In another embodiment, circumferential asymmetry is provided to the grid surface areas. Accordingly, gradients are intentionally introduced upon loading a cold wafer on the hot susceptor. Advantageously, the wafer curls in a predictable fashion, reducing the randomness of the direction in which the wafer warps during processing.
The susceptors described herein are preferably implemented in machined graphite coated with ceramic, more preferably coated with silicon carbide (SiC). The bottom or backside has a substantially reduced surface area, compared to the frontside, such that dishing can be induced by thermal processing. Preferably, the susceptors are employed in cold wall, radiantly heated semiconductor processing chambers. During processing, a wafer is placed with its backside face parallel to the top face of the susceptor.
One advantage of the gridded susceptor's axisymmetric pattern is that, during dishing, the pattern prevents the coating stresses on a circular susceptor from being exerted along lines of an X-Y grid, as in the prior art. Dishing results from thermal stresses during high temperature susceptor manufacture due to greater surface area on the gridded front face or frontside as compared to the planar bottom surface or backside. Because coating stresses are exerted more evenly across the circular surface area, which is constant in both the θ and r direction, the tendency of the susceptor to saddle (asymmetrically dish) is reduced, which reduces the extent of damage to the backside of the wafer. Advantageously, the dished susceptor will have a concave bowl shape, with a planar, flat rim at the susceptor periphery, i.e. the periphery falls substantially on the same plane, in contrast to a saddle shape.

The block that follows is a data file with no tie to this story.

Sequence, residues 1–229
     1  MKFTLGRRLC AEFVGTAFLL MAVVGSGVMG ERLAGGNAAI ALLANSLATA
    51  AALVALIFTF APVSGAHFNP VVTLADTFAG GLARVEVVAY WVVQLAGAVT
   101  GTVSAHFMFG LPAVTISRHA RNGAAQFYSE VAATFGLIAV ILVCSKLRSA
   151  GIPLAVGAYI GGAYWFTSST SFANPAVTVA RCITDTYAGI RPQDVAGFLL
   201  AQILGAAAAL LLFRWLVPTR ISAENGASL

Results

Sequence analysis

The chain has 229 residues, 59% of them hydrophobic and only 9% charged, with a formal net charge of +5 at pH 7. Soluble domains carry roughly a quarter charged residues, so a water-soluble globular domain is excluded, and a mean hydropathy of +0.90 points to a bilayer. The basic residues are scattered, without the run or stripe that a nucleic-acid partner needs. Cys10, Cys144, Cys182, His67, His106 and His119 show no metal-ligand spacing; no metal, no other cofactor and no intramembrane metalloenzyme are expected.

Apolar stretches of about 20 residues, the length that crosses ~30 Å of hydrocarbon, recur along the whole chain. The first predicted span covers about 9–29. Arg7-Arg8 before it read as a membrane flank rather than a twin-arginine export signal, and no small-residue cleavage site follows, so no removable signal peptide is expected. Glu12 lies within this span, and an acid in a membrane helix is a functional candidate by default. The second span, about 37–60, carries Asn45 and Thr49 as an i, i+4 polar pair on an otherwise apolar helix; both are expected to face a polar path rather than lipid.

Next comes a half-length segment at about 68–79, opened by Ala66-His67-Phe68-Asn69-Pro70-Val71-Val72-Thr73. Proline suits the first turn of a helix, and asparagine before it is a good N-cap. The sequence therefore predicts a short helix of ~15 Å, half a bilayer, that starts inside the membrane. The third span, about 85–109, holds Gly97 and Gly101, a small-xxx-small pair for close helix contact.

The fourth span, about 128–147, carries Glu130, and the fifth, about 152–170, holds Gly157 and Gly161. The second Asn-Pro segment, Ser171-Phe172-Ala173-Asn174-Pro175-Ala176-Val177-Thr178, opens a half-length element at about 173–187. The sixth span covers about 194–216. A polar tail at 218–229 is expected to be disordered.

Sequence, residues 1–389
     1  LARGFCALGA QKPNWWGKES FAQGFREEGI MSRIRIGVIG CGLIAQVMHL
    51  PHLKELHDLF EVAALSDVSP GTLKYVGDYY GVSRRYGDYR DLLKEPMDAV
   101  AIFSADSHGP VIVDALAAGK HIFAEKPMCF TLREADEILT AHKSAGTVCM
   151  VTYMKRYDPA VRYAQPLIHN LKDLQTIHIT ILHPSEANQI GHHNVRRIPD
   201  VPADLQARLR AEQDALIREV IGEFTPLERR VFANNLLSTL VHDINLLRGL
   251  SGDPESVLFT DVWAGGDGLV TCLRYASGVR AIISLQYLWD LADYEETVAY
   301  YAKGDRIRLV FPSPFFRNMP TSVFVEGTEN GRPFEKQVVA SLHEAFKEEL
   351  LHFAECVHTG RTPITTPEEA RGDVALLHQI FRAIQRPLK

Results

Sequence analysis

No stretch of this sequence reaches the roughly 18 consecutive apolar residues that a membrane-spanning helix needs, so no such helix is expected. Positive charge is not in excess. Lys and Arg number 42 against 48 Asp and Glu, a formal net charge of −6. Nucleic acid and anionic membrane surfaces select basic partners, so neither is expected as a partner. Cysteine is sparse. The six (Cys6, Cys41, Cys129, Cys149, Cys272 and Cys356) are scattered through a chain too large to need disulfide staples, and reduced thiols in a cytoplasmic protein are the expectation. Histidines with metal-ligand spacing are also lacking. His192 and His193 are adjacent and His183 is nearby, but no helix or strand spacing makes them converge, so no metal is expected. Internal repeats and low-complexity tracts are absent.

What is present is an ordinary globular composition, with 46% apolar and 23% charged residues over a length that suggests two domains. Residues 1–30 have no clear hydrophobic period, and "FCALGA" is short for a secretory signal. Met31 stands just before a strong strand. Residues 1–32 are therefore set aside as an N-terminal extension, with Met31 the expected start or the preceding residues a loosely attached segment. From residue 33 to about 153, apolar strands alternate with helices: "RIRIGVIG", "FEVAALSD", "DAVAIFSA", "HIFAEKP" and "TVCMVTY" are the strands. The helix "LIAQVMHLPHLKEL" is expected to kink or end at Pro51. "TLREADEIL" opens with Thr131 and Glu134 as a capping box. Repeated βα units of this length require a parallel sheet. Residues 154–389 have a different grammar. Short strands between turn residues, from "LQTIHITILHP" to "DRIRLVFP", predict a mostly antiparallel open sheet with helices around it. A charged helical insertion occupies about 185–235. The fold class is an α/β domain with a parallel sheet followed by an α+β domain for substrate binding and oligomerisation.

Yet another advantage of the axisymmetric susceptor grid patterns shown in
The variable thermal conductance areas advantageously allow the introduction of slightly higher heat energy in two opposite regions in order to stimulate the thermal expansion of the wafer to a predicted shape. The variable thermal conductance areas are preferably formed by providing the high conductance zones 30 with a larger surface area in contact with the wafer as compared to the low conductance zones 34. A potential heat energy magnitude profile, as shown by a dotted line 37 in
In the illustrated embodiment of
In the illustrated embodiment shown in
In certain preferred embodiments, the method shown in
Advantageously, predictable wafer curling enables the manufacturer to compensate for issues caused by such curling. For example, the controlled curling will tend to cause wafer backside damage in a consistent manner, from wafer to wafer. This known damage can then be addressed in a subsequent treatment pre-tuned to target and correct the anticipated damage. Alternatively, subsequent processing equipment, such as lithography tools, can be designed to compensate for the known damage.
Advantageously, the method of fabricating wafers shown in
With reference to
It will be appreciated by those skilled in the art that various omissions, additions and modifications may be made to the processes described above without departing from the scope of the invention, and all such modifications and changes are intended to fall within the scope of the invention, as defined by the appended claims.